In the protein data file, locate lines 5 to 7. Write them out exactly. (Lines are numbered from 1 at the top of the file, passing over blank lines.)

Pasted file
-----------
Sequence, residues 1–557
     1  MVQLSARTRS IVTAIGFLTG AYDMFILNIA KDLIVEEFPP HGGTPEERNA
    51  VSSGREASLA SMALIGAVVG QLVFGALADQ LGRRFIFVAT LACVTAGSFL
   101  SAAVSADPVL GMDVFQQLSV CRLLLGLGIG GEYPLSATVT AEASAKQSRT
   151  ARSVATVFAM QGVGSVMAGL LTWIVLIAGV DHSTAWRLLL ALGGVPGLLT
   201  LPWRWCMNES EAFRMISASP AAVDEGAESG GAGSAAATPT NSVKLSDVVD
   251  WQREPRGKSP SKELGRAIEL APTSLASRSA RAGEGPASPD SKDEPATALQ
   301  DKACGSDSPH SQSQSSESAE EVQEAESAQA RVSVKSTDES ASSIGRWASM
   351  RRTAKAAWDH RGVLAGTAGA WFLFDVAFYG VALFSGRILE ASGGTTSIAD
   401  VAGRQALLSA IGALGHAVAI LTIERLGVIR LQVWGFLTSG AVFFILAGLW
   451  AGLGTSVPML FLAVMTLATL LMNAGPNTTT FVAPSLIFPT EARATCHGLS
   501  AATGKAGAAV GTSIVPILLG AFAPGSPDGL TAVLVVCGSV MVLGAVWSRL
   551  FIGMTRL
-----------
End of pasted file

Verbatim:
   151  ARSVATVFAM QGVGSVMAGL LTWIVLIAGV DHSTAWRLLL ALGGVPGLLT
   201  LPWRWCMNES EAFRMISASP AAVDEGAESG GAGSAAATPT NSVKLSDVVD
   251  WQREPRGKSP SKELGRAIEL APTSLASRSA RAGEGPASPD SKDEPATALQ